Years after one of them was abducted and abused, three former friends (Robbins, Penn and Bacon) from the predominantly working class Irish neighbourhood of South Boston find themselves caught up together in an arena of distrust, hatred and betrayal after the murder of Penn's teenage daughter. Though not, apparently, quite as rich a study of community relations as the Dennis Lehane novel on which Brian Helgeland's script is based, the film does largely succeed in its strategy of focusing on character, motivation and milieu rather than on police procedure and straightup action. It is in many ways Eastwood's tightest movie for some time, and certainly his darkest since Unforgiven; indeed, the ending offers as corrosive an assessment of the limits of American justice as anything in his career. The use of the director's own main musical theme is a little heavy-handed, and Linney's Lady Macbeth speech is a touch too explicit to convince, but the sheer classical elegance of Eastwood's direction is a delight.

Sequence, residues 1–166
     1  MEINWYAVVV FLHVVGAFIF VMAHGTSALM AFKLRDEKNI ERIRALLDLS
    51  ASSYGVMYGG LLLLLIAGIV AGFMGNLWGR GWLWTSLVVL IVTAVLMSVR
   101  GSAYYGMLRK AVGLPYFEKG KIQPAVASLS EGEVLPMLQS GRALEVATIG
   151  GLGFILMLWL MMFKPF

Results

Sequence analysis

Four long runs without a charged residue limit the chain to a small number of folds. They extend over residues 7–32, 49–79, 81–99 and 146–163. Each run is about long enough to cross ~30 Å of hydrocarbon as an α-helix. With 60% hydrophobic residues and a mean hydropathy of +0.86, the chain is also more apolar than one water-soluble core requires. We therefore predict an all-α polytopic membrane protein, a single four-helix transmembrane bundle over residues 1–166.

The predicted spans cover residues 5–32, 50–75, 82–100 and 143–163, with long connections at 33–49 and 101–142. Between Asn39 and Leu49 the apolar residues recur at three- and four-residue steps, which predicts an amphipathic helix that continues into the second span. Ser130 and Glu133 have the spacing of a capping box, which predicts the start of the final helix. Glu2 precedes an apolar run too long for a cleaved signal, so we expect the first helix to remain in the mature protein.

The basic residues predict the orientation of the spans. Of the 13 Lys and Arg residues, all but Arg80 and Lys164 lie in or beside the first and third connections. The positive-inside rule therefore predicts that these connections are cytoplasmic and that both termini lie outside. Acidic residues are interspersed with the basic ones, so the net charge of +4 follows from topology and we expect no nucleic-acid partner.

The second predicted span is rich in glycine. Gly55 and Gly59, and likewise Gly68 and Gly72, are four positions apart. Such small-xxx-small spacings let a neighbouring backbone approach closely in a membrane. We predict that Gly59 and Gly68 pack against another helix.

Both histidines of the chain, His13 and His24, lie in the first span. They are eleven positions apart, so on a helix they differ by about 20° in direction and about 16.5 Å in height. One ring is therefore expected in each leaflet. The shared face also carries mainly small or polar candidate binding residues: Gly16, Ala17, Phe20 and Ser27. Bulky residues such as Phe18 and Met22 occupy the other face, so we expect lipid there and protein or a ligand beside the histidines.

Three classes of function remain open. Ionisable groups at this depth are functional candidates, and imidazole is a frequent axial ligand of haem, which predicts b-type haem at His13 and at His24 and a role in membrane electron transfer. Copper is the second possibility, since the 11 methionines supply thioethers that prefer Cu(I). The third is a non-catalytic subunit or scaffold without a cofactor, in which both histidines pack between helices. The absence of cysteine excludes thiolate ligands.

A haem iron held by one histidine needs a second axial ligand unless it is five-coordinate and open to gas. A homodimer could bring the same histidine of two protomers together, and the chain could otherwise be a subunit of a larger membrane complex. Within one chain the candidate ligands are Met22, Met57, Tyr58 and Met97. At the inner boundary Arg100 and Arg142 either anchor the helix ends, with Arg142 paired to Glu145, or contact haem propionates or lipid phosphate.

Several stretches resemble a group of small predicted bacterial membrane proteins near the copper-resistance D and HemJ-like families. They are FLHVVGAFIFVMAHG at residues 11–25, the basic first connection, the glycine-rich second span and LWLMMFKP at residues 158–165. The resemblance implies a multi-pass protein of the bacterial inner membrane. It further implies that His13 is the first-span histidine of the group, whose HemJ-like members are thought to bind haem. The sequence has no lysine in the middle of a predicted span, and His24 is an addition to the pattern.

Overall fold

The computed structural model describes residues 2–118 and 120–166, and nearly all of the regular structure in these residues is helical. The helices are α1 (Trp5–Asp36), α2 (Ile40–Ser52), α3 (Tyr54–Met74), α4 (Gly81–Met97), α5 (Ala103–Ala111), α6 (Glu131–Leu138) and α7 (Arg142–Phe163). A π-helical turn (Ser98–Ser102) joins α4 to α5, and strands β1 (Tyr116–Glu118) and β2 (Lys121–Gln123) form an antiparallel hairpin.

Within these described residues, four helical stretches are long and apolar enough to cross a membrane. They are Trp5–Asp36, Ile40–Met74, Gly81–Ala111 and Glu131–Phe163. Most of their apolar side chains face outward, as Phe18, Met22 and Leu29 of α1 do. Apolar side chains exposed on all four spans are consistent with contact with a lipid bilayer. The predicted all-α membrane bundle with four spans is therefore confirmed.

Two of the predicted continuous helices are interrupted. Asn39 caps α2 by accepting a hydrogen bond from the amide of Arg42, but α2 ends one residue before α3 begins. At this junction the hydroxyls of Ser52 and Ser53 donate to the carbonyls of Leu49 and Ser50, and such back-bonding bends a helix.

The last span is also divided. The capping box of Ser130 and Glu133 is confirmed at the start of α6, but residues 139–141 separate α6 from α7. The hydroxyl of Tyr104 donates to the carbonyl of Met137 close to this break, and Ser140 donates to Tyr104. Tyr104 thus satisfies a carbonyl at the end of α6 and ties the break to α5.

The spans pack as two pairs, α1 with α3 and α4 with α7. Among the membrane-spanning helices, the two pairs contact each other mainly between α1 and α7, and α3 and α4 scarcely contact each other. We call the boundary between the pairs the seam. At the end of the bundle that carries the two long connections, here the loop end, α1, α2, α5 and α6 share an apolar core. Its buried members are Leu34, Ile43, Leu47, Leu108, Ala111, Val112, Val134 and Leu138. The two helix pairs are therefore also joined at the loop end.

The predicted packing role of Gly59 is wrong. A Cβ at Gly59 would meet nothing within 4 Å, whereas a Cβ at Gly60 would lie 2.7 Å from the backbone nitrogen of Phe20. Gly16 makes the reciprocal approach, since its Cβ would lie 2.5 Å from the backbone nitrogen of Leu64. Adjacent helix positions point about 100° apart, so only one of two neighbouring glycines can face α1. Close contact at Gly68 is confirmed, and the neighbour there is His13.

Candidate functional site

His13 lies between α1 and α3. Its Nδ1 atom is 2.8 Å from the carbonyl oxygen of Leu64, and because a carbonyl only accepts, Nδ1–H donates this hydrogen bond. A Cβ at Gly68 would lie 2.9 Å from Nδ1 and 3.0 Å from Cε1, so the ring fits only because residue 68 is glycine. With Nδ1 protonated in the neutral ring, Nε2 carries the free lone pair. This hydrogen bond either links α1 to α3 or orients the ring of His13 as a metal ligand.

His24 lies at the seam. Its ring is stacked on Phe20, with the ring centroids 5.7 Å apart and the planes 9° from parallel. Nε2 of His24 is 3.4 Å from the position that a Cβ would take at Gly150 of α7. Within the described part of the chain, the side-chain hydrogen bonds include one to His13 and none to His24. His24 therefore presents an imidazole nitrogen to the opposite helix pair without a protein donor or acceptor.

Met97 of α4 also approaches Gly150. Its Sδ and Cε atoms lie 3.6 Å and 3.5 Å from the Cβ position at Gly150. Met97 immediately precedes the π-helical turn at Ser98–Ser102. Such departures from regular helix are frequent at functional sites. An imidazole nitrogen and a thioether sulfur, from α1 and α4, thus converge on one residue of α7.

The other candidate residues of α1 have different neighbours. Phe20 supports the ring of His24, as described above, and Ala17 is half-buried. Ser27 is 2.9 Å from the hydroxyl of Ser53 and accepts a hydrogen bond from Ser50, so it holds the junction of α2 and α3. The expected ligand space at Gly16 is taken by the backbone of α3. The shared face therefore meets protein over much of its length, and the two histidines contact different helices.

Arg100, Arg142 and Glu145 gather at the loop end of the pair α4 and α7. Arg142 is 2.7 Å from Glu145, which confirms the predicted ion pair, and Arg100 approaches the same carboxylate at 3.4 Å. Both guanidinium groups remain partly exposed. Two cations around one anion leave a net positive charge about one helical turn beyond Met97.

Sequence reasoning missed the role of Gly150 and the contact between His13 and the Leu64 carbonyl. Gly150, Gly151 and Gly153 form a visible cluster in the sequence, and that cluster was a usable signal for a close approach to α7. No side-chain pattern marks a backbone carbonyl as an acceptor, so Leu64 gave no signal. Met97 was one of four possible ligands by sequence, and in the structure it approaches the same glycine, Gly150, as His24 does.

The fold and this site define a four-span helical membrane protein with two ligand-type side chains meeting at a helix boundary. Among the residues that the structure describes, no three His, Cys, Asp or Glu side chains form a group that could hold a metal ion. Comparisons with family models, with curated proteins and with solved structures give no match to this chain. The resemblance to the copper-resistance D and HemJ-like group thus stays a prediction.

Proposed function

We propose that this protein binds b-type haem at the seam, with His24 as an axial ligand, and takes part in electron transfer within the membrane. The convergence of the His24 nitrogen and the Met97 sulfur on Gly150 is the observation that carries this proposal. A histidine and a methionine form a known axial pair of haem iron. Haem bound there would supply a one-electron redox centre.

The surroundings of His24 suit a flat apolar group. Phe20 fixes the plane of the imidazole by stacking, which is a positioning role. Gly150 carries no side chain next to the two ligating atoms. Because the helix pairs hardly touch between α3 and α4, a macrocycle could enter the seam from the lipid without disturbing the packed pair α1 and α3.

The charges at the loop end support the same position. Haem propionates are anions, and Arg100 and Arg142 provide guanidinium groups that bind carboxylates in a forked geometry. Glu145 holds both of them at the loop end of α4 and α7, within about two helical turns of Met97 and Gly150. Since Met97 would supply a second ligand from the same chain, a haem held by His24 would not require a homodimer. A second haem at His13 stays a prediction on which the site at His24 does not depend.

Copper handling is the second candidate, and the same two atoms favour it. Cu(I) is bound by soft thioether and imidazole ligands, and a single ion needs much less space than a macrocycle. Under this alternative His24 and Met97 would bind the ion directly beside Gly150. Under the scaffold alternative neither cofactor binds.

Cast and crew
Kevin Bacon Tim Robbins Marcia Gay Harden Adam Wahlberg Kevin Chapman Laurence Fishburne Andrew Mackin Sean Penn Thomas Guiry Emmie Rossum Spencer Treat Clark Laura Linney
A solid thriller, this is one Clint Eastwood's better offerings in my opinion. Focusing around 3 friends, one of which was subjected to horrifying abuse as a child, they are forced to confront each other as adults when one of their teenage daughter's is murdered.
Sean Penn is fantastic as the grieving father, torn between doing the right thing and finding justice for his child. Tim Robbins is incredibly believable as a damaged soul and Kevin Bacon is good as always as the devoted cop.
The twist is good, although a little predictable and the ending is a little disappointing but still a good movie with done tremendous acting.